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Technical-fix education reforms have failed

I'm in Chicago, and I was pleased to open the Chicago Tribune and read a sensible op-ed by Steve Chapman on education reforms.

Considering reform moves over the past two decades, Chapman finds that "Coming up with solutions for public education, it turns out, is easy. Coming up with solutions that actually work - well, that's another story."  For example, he cites a study by Stanford's Center for Research on Education Outcomes found that overall "charter students are not faring as well" as public school pupils.

Chapman also notes that liberal ideas of how to improve education have also failed. More money for schools, upgraded facilities, smaller classes, teacher pay raises - where tried, few have brought success. Chapman concludes:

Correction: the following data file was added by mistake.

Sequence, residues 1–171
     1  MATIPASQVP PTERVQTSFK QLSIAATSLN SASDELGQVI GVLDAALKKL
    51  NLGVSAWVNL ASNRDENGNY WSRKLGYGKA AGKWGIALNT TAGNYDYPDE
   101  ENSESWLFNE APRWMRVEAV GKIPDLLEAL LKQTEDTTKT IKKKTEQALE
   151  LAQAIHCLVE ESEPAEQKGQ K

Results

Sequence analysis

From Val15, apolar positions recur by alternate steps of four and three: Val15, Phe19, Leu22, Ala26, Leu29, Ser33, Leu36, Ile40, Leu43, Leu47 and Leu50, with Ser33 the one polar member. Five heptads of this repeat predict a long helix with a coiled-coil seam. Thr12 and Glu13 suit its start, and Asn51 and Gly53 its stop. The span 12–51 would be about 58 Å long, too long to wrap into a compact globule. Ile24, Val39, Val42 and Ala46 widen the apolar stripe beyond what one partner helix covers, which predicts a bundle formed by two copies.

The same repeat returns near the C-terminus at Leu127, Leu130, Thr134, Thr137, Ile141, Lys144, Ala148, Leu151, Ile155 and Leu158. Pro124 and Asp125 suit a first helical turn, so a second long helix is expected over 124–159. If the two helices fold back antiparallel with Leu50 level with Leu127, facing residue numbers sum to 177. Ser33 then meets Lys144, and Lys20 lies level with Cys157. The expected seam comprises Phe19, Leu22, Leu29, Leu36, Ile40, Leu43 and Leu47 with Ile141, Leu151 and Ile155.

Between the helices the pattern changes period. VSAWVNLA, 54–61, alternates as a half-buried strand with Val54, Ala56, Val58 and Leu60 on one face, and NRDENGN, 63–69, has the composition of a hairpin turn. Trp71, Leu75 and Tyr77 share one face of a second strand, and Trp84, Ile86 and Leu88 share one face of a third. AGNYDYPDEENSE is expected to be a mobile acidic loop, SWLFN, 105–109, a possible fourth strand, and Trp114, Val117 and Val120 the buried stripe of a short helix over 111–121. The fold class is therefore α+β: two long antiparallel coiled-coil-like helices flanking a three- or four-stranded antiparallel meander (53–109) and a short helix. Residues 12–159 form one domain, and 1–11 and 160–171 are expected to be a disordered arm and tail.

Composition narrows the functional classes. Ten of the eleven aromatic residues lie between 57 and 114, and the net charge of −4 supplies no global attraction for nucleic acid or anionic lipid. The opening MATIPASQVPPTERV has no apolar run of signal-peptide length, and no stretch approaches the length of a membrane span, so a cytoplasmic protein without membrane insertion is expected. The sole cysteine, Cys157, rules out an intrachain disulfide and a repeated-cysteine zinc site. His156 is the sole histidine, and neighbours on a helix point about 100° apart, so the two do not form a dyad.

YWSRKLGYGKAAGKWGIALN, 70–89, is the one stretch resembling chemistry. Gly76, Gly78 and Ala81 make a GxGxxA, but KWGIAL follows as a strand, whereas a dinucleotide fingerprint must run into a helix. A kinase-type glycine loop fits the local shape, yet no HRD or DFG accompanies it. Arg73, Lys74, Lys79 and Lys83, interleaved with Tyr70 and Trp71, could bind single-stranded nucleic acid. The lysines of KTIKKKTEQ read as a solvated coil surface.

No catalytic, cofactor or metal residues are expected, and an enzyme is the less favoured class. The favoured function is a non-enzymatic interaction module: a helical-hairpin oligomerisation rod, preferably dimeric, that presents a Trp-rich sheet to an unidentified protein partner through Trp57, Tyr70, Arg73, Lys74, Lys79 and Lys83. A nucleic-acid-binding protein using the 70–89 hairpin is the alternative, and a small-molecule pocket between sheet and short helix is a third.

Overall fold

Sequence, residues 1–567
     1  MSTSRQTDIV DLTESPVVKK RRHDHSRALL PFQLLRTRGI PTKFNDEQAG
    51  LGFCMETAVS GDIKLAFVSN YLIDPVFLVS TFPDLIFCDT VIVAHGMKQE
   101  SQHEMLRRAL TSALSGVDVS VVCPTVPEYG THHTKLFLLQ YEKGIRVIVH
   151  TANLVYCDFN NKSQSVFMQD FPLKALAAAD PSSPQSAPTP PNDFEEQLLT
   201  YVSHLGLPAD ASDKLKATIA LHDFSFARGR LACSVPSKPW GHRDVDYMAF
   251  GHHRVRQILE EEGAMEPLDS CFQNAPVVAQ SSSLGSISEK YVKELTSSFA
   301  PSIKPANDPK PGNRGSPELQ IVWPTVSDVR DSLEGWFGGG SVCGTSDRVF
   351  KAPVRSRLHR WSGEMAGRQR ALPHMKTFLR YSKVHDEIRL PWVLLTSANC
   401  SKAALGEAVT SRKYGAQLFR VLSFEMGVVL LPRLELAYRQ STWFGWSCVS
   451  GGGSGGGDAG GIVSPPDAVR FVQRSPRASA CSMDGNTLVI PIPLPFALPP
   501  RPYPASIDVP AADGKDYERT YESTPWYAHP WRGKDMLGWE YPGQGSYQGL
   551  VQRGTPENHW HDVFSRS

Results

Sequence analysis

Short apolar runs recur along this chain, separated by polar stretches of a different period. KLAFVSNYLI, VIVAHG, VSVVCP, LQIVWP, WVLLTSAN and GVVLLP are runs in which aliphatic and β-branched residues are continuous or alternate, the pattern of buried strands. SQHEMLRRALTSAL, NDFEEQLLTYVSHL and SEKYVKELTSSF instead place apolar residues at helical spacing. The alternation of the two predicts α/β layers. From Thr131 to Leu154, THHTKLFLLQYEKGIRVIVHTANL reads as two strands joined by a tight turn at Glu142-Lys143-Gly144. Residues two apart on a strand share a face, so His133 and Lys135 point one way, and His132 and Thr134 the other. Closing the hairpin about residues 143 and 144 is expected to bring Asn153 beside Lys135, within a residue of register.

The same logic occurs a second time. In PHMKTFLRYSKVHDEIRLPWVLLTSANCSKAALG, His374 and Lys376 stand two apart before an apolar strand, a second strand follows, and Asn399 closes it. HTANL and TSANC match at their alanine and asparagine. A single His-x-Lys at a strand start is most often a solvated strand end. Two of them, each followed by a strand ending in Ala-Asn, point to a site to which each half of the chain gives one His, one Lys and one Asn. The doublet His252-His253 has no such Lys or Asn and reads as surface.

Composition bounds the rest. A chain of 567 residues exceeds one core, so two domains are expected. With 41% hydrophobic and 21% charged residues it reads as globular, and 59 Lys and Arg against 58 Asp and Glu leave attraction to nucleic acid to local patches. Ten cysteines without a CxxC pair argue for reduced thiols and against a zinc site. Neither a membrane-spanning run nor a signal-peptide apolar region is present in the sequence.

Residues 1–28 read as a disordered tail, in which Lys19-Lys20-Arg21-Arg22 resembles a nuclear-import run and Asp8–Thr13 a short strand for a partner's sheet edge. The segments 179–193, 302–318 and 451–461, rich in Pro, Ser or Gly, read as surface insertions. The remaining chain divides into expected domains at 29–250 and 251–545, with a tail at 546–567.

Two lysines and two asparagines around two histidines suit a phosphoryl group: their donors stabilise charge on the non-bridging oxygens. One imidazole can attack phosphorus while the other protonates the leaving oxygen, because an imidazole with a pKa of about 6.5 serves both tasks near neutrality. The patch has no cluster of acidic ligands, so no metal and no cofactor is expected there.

What should we draw from these experiences? Not that nothing works, but that few if any remedies work consistently in different places with different populations. We shouldn't expect that broad, one-size-fits-all changes imposed by the federal government - such as those offered by the Obama administration - will pay off in student performance.

The first step in addressing the issue of educational standards is to recognize that technical fixes, especially those emanating from national government, have not succeeded. Seeking to explain this failure would be a good place to focus attention and debate. As Alex Standish noted here, and I have noted elsewhere on The American Situation (for example here), the real issue is whether the broader society supports knowledge-acquisition and will give motivated teachers the autonomy to teach.

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